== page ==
The University of Vermont was founded in 1791 and sits on a lovely red-brick campus a short walk uphill from Lake Champlain. The surrounding city of Burlington, where Sanders began his career in government as mayor in 1981, has a low-key vibe, with restaurants and boutique clothing stores. Lately the region has become a hub of small craft-brewing companies. The fall foliage is beautiful, and skiing opportunities in the nearby Green Mountains abound.
All of this makes UVM an attractive destination for out-of-state students, who make up more than 70 percent of undergraduates. They pay well to attend. List-price tuition and fees for non-Vermonters start at almost $44,000 per year, more than many private colleges charge. On average, factoring in financial aid and in-state students, the university takes in nearly $25,000 per student in tuition, more than any other flagship public university in the nation.
This is one of the reasons why the state of Vermont spends relatively little of its own money on its public colleges. In 2017 the state allocated only $2,700 per student to higher education, less than half the national average of $7,640, and less than a third of neighboring New York’s.
Less than two miles away, in neighboring Winooski, the Community College of Vermont takes in only $5,340 per student in tuition revenue — barely one-fifth of what flows to UVM. State budget policy makes the disparity even worse. The community college’s annual allotment of $1,500 per student is less than half what the university receives.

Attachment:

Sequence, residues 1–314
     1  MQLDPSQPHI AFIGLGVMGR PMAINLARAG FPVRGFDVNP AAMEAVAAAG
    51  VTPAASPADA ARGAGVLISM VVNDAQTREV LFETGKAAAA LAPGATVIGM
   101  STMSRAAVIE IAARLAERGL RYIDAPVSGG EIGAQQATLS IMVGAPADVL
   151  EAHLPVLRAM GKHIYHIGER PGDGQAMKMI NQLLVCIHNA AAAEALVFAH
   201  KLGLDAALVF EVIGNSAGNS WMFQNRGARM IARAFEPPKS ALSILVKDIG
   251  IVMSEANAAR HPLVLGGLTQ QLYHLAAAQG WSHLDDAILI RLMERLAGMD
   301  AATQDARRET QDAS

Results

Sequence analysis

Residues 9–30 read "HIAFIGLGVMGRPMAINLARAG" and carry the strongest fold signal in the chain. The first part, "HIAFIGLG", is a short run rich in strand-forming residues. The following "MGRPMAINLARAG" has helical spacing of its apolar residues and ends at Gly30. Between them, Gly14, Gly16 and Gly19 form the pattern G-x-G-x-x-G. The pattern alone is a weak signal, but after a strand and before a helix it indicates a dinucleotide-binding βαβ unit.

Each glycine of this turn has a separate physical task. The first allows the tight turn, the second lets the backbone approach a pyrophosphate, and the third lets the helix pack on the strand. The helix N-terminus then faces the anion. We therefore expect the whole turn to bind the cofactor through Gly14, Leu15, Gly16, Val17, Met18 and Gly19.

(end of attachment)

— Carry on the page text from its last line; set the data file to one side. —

Federal grants should go not to states, but directly to colleges that agree to provide free, high-quality education.
In these two disparities — first, between Vermont’s stingy higher-education funding and what other states provide, and second, between the bounty that four-year universities receive and the pittance that goes to community colleges — we can see the fatal flaws of the Warren and Sanders free-college plans. They take these huge inequities as a given, providing far more money to middle- and upper-income students who attend wealthier public universities.
This approach benefits cheapskate states like Vermont and Pennsylvania, which spends about $4,300 per student from the public treasury and leaves undergraduates to pay an average of $11,400 a year in tuition. North Carolina, by contrast, spends $10,400 per student, more than double what Pennsylvania does, while taking in about $5,500 in tuition per student, on average. Total spending in both states is fairly similar, but one sticks students with most of their college bill; the other does not.
For that reason, the Warren and Sanders plans would give Pennsylvania much more money than North Carolina to pay down tuition, since tuition in Pennsylvania is higher to begin with. That’s grossly unfair and a political nonstarter; members of Congress in states that more generously subsidize higher learning would rebel. The obvious alternative is to force Pennsylvania and other low spenders to come up with billions of dollars in additional matching funds right away — but that’s a choice those states would almost certainly decline, since the Sanders plan would allow them to opt out entirely — and a mandatory plan would be unlikely to survive a constitutional challenge.